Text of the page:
Under a new presidential executive order, employers may not provide any employee training that teaches employees “cannot and should not attempt to treat others without respect to race or sex” if the employer is a federal contractor.
Following a September 4, 2020 White House memorandum reprimanding federal agencies for holding “divisive, un-American” instruction on systemic racism, on September 22 Donald Trump signed Executive Order 13950, “Executive Order on Combating Race and Sex Stereotyping,” which prohibits federal agencies from “promot[ing] race or sex stereotyping in the Federal workforce or in the Uniformed Services.” The Order goes much farther than that, however, by providing that federal contractors “will not be permitted to inculcate such views in their employees.”
Under the Order, federal contractors are banned from training on “divisive concepts,” which include:
(1) that one race or sex is inherently superior to another race or sex;
(2) that the United States is fundamentally racist or sexist;
(3) that an individual, by virtue of his or her race or sex, is inherently racist, sexist, or oppressive, whether consciously or unconsciously;
(4) that an individual should be discriminated against or receive adverse treatment solely or partly because of his or her race or sex;
(5) that members of one race or sex cannot and should not attempt to treat others without respect to race or sex;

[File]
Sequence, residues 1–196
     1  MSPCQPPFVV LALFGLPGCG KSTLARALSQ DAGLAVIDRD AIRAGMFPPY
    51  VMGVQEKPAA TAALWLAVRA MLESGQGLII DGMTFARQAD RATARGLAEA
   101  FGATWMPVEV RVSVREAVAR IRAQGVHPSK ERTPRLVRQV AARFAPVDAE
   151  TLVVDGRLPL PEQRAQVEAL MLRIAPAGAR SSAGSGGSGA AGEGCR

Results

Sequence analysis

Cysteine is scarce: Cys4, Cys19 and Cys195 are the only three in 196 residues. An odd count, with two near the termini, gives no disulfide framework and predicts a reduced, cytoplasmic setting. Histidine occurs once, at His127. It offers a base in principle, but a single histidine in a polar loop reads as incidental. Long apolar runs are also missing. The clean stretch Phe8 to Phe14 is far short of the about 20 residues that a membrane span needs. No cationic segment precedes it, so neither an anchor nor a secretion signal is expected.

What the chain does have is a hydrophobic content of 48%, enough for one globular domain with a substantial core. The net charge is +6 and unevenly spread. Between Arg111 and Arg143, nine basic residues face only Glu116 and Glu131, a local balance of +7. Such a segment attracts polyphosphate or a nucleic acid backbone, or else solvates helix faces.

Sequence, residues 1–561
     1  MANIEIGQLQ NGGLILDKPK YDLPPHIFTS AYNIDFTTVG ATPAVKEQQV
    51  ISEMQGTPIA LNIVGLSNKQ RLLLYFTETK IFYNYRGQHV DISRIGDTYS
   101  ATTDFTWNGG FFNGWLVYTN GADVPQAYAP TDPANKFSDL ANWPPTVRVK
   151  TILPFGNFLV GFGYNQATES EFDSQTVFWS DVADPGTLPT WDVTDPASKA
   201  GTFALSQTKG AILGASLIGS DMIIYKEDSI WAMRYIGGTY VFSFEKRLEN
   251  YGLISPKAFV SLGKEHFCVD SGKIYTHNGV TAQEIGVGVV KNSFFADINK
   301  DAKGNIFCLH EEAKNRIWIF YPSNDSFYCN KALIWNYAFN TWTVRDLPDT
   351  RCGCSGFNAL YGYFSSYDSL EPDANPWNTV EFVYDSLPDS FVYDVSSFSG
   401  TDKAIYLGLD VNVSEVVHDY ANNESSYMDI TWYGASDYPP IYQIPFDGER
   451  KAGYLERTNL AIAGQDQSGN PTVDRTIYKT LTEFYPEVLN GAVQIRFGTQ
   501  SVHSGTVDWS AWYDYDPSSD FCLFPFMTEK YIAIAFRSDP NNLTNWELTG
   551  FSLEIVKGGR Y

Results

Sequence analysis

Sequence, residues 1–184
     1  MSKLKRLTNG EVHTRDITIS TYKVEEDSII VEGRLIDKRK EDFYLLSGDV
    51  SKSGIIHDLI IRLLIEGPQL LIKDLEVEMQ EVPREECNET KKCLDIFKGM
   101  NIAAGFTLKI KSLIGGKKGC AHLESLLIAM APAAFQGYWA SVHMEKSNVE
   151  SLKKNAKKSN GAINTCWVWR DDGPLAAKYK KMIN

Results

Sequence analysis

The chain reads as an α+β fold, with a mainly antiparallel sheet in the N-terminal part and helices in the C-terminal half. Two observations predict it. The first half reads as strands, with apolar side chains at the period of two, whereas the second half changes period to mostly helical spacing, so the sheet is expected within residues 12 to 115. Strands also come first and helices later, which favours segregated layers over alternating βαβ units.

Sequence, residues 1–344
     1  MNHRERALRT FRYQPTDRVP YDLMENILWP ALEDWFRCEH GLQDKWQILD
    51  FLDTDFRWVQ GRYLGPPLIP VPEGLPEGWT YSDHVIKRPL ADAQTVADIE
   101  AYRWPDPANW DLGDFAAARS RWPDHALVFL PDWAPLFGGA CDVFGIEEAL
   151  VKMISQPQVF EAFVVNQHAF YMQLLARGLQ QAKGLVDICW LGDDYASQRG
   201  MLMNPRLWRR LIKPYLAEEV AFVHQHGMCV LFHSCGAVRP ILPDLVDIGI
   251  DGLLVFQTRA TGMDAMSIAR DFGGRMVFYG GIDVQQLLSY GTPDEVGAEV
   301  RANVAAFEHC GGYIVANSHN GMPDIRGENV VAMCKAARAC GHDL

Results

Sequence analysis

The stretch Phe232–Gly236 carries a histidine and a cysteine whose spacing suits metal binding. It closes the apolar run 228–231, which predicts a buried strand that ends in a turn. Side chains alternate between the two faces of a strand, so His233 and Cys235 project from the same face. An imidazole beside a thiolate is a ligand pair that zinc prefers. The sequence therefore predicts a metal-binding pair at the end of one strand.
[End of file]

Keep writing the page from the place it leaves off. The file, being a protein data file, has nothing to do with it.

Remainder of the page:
(6) that an individual’s moral character is necessarily determined by his or her race or sex;
(7) that an individual, by virtue of his or her race or sex, bears responsibility for actions committed in the past by other members of the same race or sex;
(8) that any individual should feel discomfort, guilt, anguish, or any other form of psychological distress on account of his or her race or sex;
(9) that meritocracy or traits such as a hard work ethic are racist or sexist, or were created by a particular race to oppress another race; or
(10) any other form of race or sex stereotyping or any other form of race or sex scapegoating.
The Order also bans “race or sex scapegoating” by federal contractors, defined as “assigning fault, blame, or bias to a race or sex, or to members of a race or sex because of their race or sex,” and “any claim that, consciously or unconsciously, and by virtue of his or her race or sex, members of any race are inherently racist or are inherently inclined to oppress others, or that members of a sex are inherently sexist or inclined to oppress others.”
The federal Office of Contract Compliance Programs (OFCCP), a division of the U.S. Department of Labor (DOL), which enforces the Order, published a list of FAQs that expand upon the following key concepts in the Order:
- Race or sex stereotyping is defined to mean “ascribing character traits, values, moral and ethical codes, privileges, status, or beliefs to an entire race or sex, or to individuals because of their race or sex.”